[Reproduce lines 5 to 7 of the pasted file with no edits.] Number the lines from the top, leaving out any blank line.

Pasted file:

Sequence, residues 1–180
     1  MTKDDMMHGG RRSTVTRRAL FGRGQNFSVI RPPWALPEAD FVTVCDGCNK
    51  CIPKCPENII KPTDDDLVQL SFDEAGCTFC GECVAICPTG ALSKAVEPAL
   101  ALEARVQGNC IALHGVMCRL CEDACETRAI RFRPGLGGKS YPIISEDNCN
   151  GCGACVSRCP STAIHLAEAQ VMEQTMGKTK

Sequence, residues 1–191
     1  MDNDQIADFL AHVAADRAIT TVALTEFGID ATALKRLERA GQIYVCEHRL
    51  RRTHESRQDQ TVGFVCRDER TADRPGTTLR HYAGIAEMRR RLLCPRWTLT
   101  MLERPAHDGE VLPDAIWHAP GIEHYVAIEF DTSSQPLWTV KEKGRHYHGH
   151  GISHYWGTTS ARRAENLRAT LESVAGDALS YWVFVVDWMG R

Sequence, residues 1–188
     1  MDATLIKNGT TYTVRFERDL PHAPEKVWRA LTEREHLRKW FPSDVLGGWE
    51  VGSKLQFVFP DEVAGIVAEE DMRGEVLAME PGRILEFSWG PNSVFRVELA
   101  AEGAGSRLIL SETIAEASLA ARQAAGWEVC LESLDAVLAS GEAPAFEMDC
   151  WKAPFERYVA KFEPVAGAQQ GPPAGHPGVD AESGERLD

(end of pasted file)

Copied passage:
   151  GCGACVSRCP STAIHLAEAQ VMEQTMGKTK

Sequence, residues 1–191
     1  MDNDQIADFL AHVAADRAIT TVALTEFGID ATALKRLERA GQIYVCEHRL